Is Wall Street Really So Sorry?

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Wall Street keeps saying it’s sorry. It’s sorry for those bad bets on subprime mortgages. Sorry about the stock market crash. Sorry for needing those bailouts. JPMorgan Chase CEO Jamie Dimon has admitted his industry “made its share of mistakes.”

But nobody in Washington is buying their contrition.

“The industry, I think, has a long way to go to demonstrate that they get it in terms of the harm they caused not just to world financial markets but individual families,” Sen. Bob Casey (D-Pa.) told POLITICO.

“It would be really helpful if they showed it by their actions,” said Sen. Jon Tester (D-Mont.).

The PR campaign hasn’t been enough, lawmakers argue. They want the financial industry to stop fighting regulation and accept proposals like the consumer financial protection agency.

“I can tell you that the people that I represent aren’t sitting around, waiting for some sort of speech or statement of contrition,” said Sen. Ron Wyden (D-Ore.). “People are looking for bottom-line changes, and one of them would be the consumer protection agency,” said Wyden, who added that his constituents have been asking if financial lobbyists are going to fight that proposal.

“I said, ‘It remains to be seen. I know that I’m going to fight for you the consumer, and I’m going to insist that there be a consumer protection agency,’” Wyden recalled.

And House Financial Services Committee Chairman Barney Frank (D-Mass.) — who wields incredible influence over the regulatory reform process — has made no secret that the big banks’ persistent image problems are hurting them in the financial reform lobbying wars.

“All the money in the world doesn’t make them effective lobbyists right now,” Frank said in a recent CNN interview. “It can’t erase the record of irresponsibility, poor judgment and abuse of consumers that too many of the big banks have run up.”

But Wall Street leaders argue that this is all a huge disconnect.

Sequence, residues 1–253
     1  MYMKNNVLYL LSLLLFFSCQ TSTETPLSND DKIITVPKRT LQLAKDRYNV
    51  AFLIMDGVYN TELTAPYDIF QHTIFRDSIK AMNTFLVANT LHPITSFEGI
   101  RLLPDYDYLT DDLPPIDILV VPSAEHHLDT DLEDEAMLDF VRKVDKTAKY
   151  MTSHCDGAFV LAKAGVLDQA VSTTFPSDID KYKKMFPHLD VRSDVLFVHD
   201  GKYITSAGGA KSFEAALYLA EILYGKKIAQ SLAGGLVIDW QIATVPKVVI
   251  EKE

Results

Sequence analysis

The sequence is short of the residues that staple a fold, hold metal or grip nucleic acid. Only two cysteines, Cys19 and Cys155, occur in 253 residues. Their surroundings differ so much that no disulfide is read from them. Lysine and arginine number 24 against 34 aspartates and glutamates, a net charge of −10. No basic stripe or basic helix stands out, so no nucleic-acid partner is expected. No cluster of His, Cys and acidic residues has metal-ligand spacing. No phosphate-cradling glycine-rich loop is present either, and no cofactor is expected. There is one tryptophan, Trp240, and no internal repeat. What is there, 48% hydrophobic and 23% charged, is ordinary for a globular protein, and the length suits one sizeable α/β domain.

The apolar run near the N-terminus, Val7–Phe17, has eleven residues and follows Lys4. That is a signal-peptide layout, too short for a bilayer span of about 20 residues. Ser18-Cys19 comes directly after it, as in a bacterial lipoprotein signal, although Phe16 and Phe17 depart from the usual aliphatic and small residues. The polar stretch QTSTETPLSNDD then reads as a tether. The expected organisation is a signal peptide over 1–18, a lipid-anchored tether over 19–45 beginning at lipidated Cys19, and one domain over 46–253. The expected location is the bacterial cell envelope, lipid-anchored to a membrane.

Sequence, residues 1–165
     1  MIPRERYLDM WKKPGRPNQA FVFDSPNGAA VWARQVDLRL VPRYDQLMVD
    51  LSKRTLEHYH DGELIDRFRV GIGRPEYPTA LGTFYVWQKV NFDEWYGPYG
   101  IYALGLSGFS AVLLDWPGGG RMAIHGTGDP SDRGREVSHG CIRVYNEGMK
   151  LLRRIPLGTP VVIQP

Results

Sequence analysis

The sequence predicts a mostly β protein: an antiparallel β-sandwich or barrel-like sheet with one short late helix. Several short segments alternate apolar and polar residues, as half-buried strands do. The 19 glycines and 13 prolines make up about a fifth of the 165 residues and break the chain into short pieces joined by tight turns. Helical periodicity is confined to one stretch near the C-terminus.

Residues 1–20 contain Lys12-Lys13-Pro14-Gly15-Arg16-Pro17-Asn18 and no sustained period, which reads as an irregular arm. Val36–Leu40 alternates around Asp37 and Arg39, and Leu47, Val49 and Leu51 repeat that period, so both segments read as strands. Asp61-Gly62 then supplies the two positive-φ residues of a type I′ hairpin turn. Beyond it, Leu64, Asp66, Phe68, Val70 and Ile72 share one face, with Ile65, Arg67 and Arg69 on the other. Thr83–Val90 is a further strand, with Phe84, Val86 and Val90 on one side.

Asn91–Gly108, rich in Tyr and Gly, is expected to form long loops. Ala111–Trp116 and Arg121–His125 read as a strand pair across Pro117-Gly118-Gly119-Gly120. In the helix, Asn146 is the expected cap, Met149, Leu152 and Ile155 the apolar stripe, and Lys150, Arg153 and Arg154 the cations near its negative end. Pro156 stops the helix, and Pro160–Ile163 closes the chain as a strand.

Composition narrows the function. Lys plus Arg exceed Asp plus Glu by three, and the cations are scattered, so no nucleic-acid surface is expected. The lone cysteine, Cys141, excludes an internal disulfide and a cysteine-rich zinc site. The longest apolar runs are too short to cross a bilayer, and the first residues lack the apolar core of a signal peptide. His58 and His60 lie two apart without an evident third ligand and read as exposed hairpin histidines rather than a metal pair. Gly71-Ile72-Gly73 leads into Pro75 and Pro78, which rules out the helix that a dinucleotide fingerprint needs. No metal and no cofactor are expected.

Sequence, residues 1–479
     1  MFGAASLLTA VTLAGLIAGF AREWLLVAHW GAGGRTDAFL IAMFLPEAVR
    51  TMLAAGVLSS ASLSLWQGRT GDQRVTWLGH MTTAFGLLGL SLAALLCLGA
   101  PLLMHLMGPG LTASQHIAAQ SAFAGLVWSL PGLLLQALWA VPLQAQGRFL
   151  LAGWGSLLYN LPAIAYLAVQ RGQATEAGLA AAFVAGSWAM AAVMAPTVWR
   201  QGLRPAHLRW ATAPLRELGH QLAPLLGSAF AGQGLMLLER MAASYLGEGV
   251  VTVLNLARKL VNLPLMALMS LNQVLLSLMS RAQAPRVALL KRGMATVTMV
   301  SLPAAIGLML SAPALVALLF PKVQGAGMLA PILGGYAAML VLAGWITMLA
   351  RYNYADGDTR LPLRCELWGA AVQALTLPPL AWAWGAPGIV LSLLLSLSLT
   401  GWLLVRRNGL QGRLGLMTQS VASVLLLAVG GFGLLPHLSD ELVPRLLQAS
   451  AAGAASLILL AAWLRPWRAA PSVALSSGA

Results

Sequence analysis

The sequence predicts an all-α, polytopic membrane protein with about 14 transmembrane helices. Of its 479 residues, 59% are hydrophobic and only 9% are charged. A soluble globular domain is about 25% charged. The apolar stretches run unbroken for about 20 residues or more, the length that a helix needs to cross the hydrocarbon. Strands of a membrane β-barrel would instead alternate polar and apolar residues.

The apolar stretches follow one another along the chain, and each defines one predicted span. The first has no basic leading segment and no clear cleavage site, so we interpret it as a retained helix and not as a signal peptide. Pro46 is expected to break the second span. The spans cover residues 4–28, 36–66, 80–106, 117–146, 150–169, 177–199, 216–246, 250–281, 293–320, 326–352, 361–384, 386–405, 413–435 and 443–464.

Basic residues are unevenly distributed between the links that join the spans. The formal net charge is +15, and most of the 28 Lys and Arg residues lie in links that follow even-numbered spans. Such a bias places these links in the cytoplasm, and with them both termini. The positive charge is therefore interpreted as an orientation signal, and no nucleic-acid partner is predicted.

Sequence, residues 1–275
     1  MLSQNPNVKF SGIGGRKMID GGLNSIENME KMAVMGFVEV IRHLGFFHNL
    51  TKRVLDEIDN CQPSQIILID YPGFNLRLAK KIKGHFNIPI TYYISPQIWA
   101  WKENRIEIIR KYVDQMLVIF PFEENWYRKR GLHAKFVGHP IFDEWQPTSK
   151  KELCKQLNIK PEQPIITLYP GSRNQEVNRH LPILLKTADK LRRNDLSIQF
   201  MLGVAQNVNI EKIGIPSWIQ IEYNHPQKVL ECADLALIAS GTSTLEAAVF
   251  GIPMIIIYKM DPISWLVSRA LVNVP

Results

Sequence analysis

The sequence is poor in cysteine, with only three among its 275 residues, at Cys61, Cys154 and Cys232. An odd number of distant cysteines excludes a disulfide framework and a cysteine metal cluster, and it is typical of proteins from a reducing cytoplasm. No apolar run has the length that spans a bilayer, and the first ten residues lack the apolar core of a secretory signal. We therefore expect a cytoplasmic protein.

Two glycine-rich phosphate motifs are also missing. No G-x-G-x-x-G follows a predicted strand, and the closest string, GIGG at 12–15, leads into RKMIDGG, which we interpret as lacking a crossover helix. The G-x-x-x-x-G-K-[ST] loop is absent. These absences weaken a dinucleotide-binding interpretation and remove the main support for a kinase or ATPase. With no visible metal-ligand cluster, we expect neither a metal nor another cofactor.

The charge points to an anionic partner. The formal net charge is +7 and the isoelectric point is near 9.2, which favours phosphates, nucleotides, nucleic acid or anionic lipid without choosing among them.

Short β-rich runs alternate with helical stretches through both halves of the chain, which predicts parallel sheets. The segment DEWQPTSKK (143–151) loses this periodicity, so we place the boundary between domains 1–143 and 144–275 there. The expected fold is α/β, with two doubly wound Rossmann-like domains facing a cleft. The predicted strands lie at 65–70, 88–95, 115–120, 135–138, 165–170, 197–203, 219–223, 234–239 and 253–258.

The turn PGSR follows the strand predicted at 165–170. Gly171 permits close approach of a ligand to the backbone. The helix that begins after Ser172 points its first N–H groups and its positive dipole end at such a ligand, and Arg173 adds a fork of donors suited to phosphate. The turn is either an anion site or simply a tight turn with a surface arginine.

Top CEOs publicly, and regularly, claim responsibility for their missteps and are revamping internal procedures in response, they say. But the most explicit example of their atonement, industry officials said, is their embrace of the need for substantial regulatory reform — not the usual stance of any industry.

“Here’s an industry who’s saying, ‘Regulate us, please regulate us!’” said John Courson, president and CEO of the Mortgage Bankers Association, as he detailed how his member lenders have acknowledged their culpability and embraced rules they once fiercely resisted.

Courson, who took the helm of the MBA in January, said he deliberately spent his first public speeches and press events acknowledging “that lenders ... ended up with borrowers getting into products that were not well-designed for them.”

“We have not run away from the fact that there certainly is culpability in our industry,” Courson said.

And the mortgage industry has started to back new rules and is undertaking some self-policing. Courson said his group has reversed its long-standing opposition to licensing individual loan originators. It’s also calling for Congress to place nonbank mortgage lenders — seen by many as particularly guilty of poor and even abusive lending practices — under federal supervision for the first time.